Tuesday, 20 April 2021

Stick To Sports

I feel like Chef Ramsay right now. This has never been and never will be Political Blog In Canada, but there are times when sports really lets people down when it comes to major societal issues. Coronavirus aside, there have been bigger stories outside of sports happening, and one of those stories was the Derek Chauvin case in Minneapolis where former officer Chauvin was accused of killing George Floyd. I'm not going to get into the details of how that happened, but a verdict was returned by the jury today and Chauvin was found guilty in all three crimes with which he was charged.

The protests and clashes we saw across the US and into Canada over the treatment of Black men at the hands of law enforcement after Floyd's death is only a small part of the overall treatment of BIPOC individuals at the hands of law enforcement, and we need to be better as a society in calling out that systemic racism shown in police departments. It's not about "bad apples" or "a couple of bad seeds" in police departments; rather, this is about fixing a system that far too often targets BIPOC individuals and sees far too many needless tragedies.

Tonight, teams from across a number of professional sports leagues were publishing their statements on the events that unfolded in the Minneapolis courtroom today in order to show their solidarity with the BIPOC community. I'm not here to question the sincerity or the timing of these statements from teams and leagues because they are a part of society just as you and I are, but I do question whether teams discuss the wording they use prior to hopping on social media and publishing something like this:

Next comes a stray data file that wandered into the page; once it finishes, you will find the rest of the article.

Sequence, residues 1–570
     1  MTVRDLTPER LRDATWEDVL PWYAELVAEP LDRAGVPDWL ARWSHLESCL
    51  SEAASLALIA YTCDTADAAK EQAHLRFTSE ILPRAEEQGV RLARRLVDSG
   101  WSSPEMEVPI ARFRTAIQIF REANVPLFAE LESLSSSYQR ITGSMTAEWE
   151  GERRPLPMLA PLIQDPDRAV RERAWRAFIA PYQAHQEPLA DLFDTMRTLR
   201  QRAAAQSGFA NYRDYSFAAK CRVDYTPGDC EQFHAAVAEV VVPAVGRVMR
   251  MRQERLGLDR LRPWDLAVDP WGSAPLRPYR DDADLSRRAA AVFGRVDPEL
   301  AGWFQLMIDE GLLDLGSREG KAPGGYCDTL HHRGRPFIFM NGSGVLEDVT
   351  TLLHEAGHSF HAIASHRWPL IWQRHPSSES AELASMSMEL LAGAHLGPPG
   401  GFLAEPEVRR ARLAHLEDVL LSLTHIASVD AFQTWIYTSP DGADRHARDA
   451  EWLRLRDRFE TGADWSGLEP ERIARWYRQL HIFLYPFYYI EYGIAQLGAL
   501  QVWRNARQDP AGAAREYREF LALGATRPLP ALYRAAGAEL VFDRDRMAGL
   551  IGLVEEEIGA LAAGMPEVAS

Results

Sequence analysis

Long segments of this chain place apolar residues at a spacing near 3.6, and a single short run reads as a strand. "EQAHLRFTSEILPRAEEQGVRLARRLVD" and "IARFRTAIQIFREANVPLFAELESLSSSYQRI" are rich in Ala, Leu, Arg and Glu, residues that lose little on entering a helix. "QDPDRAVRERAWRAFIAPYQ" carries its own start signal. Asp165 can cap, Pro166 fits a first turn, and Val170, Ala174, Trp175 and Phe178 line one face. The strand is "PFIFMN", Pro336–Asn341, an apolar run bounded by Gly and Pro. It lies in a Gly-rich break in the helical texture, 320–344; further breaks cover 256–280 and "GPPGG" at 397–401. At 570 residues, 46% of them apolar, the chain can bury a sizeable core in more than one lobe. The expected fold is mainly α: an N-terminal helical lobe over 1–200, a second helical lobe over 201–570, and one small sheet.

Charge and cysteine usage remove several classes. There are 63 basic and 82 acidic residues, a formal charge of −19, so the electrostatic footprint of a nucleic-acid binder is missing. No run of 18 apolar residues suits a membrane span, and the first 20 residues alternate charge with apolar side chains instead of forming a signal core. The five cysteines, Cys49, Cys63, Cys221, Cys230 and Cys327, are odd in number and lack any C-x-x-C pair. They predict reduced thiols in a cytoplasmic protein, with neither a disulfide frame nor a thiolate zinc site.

I know the Winnipeg Jets are sending out a message of trying to have respectful, meaningful discussions that include the BIPOC community both within their organization and in society, but the very least they could do is frame the situation right. This was NOT "the case of George Floyd" - Floyd wasn't on trial in Minneapolis. Derek Chauvin was on trial for the murder of George Floyd, and it should be described as "the case of Derek Chauvin". We don't use the victim's name when describing the trial out of respect for the victim and the victim's family and because George Floyd never had a chance to stand before a judge and make a case before the courts.

I can accept that this may be an honest mistake by someone in the Jets' public relations department since a lot of people did colloquially refer to the case as the "George Floyd case", but this should be corrected to show the proper resepct and dignity to George Floyd that was denied by Derek Chauvin before he died. Let's get that effort to correct this wording underway, Jets, because that would be a good move with respect to having "meaningful discussion and awareness" right off the hop.

If there is one bright spot out in gaining some education out of this, the Winnipeg Jets weren't even close to the extremely disgusting tweet that the NFL's Las Vegas Raiders put out tonight. I'm not going to post the image they had on that tweet because it's beyond insensitive, but let's just say that the Raiders, as a franchise, should be embarrassed by whoever green-lit this tweet, and the person that signed off on this social media post as well whoever came up with this idea should be fired with prejudice. Both from their jobs and directly into the sun.

Maybe just stick to sports from now on, Raiders.

Until next time, keep your sticks on the ice!

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